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Willow Bridge and Waterwheel

A work made of pair of six-panel screens; ink, color, gold, and silver on paper.
CC0 Public Domain Designation

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  • A work made of pair of six-panel screens; ink, color, gold, and silver on paper.


c. 1650


Hasegawa Soya
Japanese, 1590-1667

About this artwork




The gold bridge spanning the twelve panels of this pair is a quintessential folding screen subject, and several versions of this design exist. The location pictured is Uji, an area of great spiritual significance and a link between the ancient cities of Nara and Kyoto. By the Edo period (1615–1868), certain elements were sufficient to evoke the famous site: the curved bridge, willows, moon, waterwheel, trailing mist, and rock-filled baskets are all elements taken from classical poetry.
The artist Hasegawa Soya was the son of Hasegawa Tohaku (1539–1610), an innovator in producing dynamic large-format works. An impressive amount of precious materials went into the fabrication of this pair. Gold and silver were used in leaf form on the bridge and moon, as cut squares and dust in the clouds, and as paint for the lines of the current. Gold paint has also been used over oyster-shell-white pigment (gofun) to create a raised effect in the baskets and the waterwheel. In addition, the application of the gold leaf diagonally to accentuate the curve of the bridge is a rare feature.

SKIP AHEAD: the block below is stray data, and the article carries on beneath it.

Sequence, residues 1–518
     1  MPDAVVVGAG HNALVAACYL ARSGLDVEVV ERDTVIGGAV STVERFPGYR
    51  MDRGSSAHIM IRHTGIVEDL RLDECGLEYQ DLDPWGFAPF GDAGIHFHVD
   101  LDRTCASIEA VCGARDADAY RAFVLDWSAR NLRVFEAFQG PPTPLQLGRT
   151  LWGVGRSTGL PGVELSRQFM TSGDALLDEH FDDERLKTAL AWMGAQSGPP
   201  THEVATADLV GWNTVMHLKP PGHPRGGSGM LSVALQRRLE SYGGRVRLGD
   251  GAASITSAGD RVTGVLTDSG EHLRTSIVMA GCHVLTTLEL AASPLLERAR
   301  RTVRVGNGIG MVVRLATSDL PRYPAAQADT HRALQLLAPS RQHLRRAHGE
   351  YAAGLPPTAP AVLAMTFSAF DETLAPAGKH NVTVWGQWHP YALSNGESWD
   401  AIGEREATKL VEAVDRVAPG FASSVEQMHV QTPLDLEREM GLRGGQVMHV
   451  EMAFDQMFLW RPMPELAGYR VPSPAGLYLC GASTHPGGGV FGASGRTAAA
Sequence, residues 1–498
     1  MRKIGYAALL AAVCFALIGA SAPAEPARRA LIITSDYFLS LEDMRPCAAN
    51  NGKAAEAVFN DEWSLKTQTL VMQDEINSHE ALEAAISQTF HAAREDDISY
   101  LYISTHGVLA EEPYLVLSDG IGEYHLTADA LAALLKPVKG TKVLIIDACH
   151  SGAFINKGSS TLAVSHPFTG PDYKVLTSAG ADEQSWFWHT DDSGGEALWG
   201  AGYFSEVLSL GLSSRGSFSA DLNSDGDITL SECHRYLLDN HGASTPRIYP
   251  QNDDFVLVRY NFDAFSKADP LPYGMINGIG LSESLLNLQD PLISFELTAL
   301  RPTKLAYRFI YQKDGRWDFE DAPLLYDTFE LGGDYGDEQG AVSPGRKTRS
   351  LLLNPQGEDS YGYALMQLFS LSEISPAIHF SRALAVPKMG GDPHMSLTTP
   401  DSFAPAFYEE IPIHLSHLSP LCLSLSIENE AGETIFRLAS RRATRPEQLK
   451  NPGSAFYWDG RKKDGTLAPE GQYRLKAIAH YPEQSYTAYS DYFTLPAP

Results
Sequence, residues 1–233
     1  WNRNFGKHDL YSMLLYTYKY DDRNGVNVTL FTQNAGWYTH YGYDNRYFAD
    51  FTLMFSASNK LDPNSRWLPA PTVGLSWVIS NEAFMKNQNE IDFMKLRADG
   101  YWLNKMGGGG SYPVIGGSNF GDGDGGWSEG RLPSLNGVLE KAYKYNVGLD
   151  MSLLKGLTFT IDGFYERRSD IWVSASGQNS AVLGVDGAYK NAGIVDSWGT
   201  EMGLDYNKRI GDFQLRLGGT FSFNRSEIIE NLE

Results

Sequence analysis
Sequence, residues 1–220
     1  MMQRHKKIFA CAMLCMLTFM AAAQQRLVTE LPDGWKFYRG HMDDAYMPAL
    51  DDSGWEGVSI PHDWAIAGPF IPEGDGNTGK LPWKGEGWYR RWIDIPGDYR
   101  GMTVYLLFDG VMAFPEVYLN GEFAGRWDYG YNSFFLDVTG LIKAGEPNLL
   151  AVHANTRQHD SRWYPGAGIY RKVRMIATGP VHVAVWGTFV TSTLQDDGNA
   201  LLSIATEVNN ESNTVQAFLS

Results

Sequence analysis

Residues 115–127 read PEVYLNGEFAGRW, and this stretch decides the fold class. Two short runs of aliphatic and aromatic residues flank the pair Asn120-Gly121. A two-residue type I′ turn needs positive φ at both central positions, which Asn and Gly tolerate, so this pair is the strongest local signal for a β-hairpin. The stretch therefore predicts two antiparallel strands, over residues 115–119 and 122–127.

Currently Off View


Arts of Asia


Hasegawa Sôya


Willow Bridge and Waterwheel


Japan (Artist's nationality:)

Date  Dates are not always precisely known, but the Art Institute strives to present this information as consistently and legibly as possible. Dates may be represented as a range that spans decades, centuries, dynasties, or periods and may include qualifiers such as c. (circa) or BCE.



Pair of six-panel screens; ink, color, gold, and silver on paper


Each: 175 × 376 cm (68 15/16 × 148 1/16 in.)

Credit Line

Kate S. Buckingham and Frederick W. Renshaw endowments

Reference Number


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Extended information about this artwork

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